Appalachian Conservation Corps Joins the Effort to Restore Minelands
Each year Monongahela National Forest works with non-profit partner Green Forests Work, and a host of other partners, on projects to restore a formerly mined area of the Forest on the border of Randolph and Pocahontas counties called the Mower Tract. This year the Appalachian Conservation Corps was added as our newest partner.
Appalachian Conservation Corps is a non-profit, AmeriCorps-affiliated organization that works on public lands throughout the greater Shenandoah Valley region. Members are 18-25 years old and work in crews. Each crew is tasked with conservation projects that they complete while camping onsite up to ten days at a time, known as a hitch. The Appalachian Conservation Corps provides members with a hands-on learning experience suitable for a wide range of skill levels, which attracts participants from diverse backgrounds and varied career paths.
In June 2020 a six-person crew, including Anthony Stanzi, Paul Turowicz, Skylar Ulry, Emerson Presar, Shane Herbert, and Mikayla Schuyler, planted 4,330 wetland shrubs, and spread 160 pounds of native grass and pollinator seed over 200 acres during one hitch on the Mower Tract. The wetland plants will help slow and retain precipitation, and the native seed was sown on hillsides to help with erosion control and create pollinator habitat.
The Mower Tract is on the Greenbrier Ranger District of Monongahela National Forest, atop Cheat Mountain near Cheat Summit Fort. About 2,000 acres were surfaced mined for coal, and the area also includes a deep mine. The mined lands were originally reclaimed with Norway spruce and red pine, but these trees are non-native and lack the ecological benefits of the red spruce-northern hardwood forests originally here prior to mining and logging. The compacted soil also created adverse impacts, including stunted vegetation and increased erosion.
Green Forests Work and USDA Forest Service staff discussed the intricacies of restoration with the Appalachian Conservation Corps crew when they first arrived so they would understand how their work would benefit the project. Happy to participate, the crew members stayed upbeat and hard at work throughout their hitch, despite the many rainy days and stormy nights they experienced, which is not unusual weather on the high-elevation Mower Tract. They nicknamed the work site “Rainy Mountain” and said that it was an experience they will never forget.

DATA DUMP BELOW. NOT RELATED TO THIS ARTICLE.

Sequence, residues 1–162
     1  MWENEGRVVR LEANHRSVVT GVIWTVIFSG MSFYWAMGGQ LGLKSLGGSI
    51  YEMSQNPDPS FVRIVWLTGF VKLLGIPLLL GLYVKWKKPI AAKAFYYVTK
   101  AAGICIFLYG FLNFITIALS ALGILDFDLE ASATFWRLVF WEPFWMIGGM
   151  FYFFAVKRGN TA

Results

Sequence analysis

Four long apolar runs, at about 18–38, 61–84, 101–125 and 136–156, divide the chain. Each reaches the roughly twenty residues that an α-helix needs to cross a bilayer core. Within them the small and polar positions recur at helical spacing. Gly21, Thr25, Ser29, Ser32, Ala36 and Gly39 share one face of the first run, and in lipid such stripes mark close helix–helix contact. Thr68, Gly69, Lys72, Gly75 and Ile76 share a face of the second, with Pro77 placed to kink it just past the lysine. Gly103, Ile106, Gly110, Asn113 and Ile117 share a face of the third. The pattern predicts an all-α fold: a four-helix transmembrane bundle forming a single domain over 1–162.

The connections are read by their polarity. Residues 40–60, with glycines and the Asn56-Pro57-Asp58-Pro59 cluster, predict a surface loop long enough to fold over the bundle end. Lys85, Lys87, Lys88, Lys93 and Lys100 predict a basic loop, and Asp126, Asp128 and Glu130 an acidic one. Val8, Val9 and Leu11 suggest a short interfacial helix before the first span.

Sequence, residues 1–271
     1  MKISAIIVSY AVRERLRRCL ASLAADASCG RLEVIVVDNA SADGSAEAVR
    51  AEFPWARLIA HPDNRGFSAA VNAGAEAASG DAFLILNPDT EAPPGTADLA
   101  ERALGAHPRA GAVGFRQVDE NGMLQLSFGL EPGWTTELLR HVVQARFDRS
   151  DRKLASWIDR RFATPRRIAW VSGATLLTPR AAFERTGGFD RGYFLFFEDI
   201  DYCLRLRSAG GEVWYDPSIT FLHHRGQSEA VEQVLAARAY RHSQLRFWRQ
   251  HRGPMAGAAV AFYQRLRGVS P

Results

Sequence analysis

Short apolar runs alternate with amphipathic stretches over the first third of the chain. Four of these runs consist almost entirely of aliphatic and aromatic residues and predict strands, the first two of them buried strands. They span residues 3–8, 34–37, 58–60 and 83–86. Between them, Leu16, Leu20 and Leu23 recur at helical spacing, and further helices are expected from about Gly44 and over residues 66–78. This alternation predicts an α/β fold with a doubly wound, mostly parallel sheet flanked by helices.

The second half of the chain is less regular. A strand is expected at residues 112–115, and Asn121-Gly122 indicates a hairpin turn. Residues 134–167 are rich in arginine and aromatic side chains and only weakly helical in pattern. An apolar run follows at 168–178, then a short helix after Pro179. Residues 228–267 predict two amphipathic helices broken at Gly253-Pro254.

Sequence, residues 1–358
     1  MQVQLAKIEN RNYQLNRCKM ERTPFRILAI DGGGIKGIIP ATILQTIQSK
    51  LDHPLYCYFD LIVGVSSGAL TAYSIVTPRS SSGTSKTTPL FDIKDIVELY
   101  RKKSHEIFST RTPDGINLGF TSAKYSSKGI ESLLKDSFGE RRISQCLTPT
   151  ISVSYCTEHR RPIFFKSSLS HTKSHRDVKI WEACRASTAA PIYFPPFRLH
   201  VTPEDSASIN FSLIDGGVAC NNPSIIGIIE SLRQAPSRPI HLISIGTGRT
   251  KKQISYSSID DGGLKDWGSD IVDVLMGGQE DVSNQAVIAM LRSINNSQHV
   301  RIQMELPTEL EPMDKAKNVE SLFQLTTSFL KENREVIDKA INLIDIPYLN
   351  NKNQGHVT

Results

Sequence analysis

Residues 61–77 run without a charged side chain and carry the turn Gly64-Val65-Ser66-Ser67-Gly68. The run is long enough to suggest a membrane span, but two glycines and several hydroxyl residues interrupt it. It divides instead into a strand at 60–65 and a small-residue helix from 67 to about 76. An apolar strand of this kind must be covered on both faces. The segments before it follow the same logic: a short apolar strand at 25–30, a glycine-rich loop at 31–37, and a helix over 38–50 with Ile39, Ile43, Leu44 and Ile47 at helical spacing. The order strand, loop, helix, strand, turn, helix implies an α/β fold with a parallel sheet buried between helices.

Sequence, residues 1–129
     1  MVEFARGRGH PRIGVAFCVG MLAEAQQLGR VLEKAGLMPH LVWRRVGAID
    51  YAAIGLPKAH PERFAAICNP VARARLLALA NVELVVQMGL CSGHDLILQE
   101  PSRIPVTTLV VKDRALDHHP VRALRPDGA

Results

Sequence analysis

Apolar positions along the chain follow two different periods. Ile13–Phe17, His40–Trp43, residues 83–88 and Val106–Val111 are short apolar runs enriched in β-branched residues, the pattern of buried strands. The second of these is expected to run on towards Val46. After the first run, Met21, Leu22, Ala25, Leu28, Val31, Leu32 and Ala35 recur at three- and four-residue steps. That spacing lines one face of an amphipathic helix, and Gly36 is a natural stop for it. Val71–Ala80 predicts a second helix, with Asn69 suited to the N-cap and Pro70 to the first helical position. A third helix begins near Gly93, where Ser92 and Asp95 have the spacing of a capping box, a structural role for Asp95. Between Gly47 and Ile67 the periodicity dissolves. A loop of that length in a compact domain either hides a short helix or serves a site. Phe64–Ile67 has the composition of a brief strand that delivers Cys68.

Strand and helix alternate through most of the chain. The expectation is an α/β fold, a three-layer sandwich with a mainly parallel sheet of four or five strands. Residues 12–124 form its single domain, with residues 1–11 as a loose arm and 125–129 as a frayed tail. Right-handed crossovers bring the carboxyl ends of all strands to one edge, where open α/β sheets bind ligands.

Green Forests Work is a non-profit organization with a mission to re-establish healthy and productive forests on formerly mined lands in Appalachia. The organization has partnered with the USDA Forest Service for the past 10 years. Together, and with many other partners, the organizations have restored more than 950 acres of mineland on the Mower Tract.
The USDA Forest Service and Green Forests Work are expanding this partnership with Appalachian Conservation Corps, and plan to continue to spread the word among future conservation leaders that they really can make a difference, with a little bit of hard work, resilience, and dedication. An Appalachian Conservation Corps chainsaw crew is working this fall to integrate the mineland restoration work with spruce restoration and early successional habitat management. Will we see you working on “Rainy Mountain” next year?